"As previously promised, Maricopa County Sheriff Joe Arpaio will kick off his15th crime suppression/illegal immigration enforcement operation which will utilize nearly 150 deputies and posse volunteers. The area targeted for this suppression operation, Arpaio says, was chosen weeks ago because of its high concentration of drop houses and human smuggling transportation routes as well as overall crime statistics and will be announced on Thursday by Sheriff Arpaio at his 4PM press briefing. That briefing will be held in front of the Sheriff's Training Academy at 2627 South 35th Avenue in Phoenix."

BTW, I spotted an apparent mistake in this advisory. It should state,

"The area targeted for this suppression operation...was chosen weeks ago because of its high concentration of Hispanics."

In this regard, catch a clue from the above photo from the blog Early Onset of Night. Maybe those activists who will be monitoring (read, "dogging") MCSO vehicles during tomorrow's sweep of brown people should do something similar to their cars.

In sympathy, I plan to spray-paint myself a nice, dark tan, blast La Campesina from my car stereo, hang a Shakira air freshener from my rearview window, and tell the deputy dawgs that pull me over that I'm actually Horatio Sanz.

Hey, there's more than one way to skin a story.

Also on the front burner for tomorrow is a press conference being given on the steps of Governor Jan Bewer's office by the ACLU of Arizona, MALDEF and other groups announcing their intent to sue the state over the recently signed SB1070.

Grammy-winner Linda Ronstadt will be coming up from her home in Tucson to be present for the presser tomorrow. You'll recall that Ronstadt was in Phoenix for a massive march to Joe's jails back in January. She'll be joined by representatives of the various organizations involved, as well as by Dolores Huerta, co-founder of the United Farm Workers of America.

I'll attend the Ronstadt event and follow-up afterward. Regarding the Arpaio presser, "America's Toughest Sheriff" is too much of a pantywaist to allow me into his press conferences.

He must be afraid that I'll ask him a tough question, like,

"When you're indicted by the feds, do you want to be arrested with a pair of your own pink handcuffs?"


"As a prospective resident of a federal prison facility, do you prefer being on the bottom or the top -- um -- bunk?"

SB 1070: Still A Bad Law.

Patchwork changes to immigration law came in waning hours of session

By Evan Wyloge -

Published: April 27, 2010 at 7:24 pm

Arizona Capitol Times

One week after Gov. Jan Brewer gave Arizona the toughest immigration law in the U.S., state lawmakers added changes that would limit the scope of the law and protect local governments from lawsuits.

The changes were sought by lawmakers who voted for Arizona’s new immigration law after striking a deal with immigration hawk Sen. Russell Pearce.

Rep. Russ Jones, who was one of three Republican lawmakers to vote against a similar bill in 2009, said he agreed to vote for S1070 this year in exchange for Pearce’s promise to make changes to it in follow-up legislation.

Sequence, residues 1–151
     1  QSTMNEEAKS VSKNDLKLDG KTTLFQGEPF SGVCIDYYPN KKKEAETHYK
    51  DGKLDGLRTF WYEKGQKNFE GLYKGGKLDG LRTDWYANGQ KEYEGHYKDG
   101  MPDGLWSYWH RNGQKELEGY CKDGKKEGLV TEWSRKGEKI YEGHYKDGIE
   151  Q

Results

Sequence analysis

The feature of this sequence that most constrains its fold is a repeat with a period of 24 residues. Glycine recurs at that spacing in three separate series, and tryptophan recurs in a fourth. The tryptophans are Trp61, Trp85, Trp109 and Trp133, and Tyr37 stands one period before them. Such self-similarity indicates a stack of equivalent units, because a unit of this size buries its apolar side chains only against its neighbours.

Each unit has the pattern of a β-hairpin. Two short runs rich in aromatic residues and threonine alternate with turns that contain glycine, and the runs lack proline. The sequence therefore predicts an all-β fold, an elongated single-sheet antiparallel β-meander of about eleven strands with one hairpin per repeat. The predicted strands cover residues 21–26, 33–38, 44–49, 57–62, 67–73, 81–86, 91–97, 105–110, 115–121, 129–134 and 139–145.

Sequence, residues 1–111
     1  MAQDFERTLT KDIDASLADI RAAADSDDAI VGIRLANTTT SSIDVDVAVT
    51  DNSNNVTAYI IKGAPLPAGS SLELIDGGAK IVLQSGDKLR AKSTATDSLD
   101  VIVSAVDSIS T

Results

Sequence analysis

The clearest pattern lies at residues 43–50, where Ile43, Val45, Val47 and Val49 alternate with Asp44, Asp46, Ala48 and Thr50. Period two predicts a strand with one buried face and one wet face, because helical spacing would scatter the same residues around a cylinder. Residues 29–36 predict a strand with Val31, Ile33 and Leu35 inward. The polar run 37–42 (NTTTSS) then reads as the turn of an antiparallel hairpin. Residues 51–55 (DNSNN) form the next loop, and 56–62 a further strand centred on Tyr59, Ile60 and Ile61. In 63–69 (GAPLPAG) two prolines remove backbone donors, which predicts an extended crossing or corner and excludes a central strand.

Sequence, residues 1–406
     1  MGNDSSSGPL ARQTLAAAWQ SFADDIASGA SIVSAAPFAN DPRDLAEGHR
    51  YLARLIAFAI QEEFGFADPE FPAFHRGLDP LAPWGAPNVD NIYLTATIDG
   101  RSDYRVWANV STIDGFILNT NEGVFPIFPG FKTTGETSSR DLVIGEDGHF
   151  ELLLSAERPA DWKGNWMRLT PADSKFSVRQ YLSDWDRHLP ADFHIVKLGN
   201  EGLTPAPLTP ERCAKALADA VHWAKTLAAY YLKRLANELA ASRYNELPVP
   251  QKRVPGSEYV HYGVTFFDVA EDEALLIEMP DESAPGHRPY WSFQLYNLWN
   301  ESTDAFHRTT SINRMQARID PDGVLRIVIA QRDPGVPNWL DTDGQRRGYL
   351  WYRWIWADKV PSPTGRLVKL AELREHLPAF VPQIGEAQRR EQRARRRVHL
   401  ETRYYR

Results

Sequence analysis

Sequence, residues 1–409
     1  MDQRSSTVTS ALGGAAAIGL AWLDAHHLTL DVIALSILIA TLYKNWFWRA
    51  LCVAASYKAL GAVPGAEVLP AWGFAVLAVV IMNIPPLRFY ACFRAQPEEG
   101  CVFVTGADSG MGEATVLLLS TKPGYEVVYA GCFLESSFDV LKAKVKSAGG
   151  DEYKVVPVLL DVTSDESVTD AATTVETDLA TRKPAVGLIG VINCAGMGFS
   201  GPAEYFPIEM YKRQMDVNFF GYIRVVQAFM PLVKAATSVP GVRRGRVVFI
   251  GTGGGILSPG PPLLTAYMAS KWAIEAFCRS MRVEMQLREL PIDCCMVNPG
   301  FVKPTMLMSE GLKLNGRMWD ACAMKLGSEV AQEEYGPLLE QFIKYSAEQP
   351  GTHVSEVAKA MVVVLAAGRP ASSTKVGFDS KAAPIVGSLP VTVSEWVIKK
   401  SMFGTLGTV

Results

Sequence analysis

The resulting bill, H2162, was approved on April 29, just hours before the end of the session.

H2162 prescribes a few key changes to the new immigration law, clarifying both the definition of lawful contact and guidelines for municipalities, as well as lowering the minimum — not the maximum — fine that can be assessed to cities that have so-called “sanctuary city” policies. It also restructured some of the punitive actions that a court would apply to those charged under the new law.

Representatives of the law enforcement community say the changes significantly alter the way police would have to enforce the law and the way they would be accountable for doing so.

Lyle Mann, who runs the day-to-day operations of the Arizona Peace Officers Safety and Training Board (AZPOST), said the fine points of the trailer bill are vital to the street-level execution of the new law. His group, incidentally, has been tasked by the governor with turning the provisions of the new law into a specific and manageable training rubric for police agencies across the state.

One of the changes to S1070 removes the word “solely” from the description of the new law’s lawful contact, when it comes to race. So, now race, color or ethnicity simply cannot be used as part of reasonable suspicion.

Mann said this is a huge simplification for his organization’s task, and should settle at least some of the fear over racial profiling. Now, his organization will simply be able to tell police agencies to have their officers understand that race is not a reason to initiate contact.

“It should quell the fears that a lot of people have vocalized,” Mann said. “This will make the training and policymaking much clearer and simpler.”

H2162 also narrows what is banned at the county, city and municipality level, changing it from a “policy or practice” to just a “policy” preventing police officers from using the new immigration law to its fullest extent.

With the independence that police officers rely on, Mann said, management of their activities is nearly impossible. So their “practices” are made at the officers’ discretion. The officers are trained, though, to rely on the “policies” their agency set.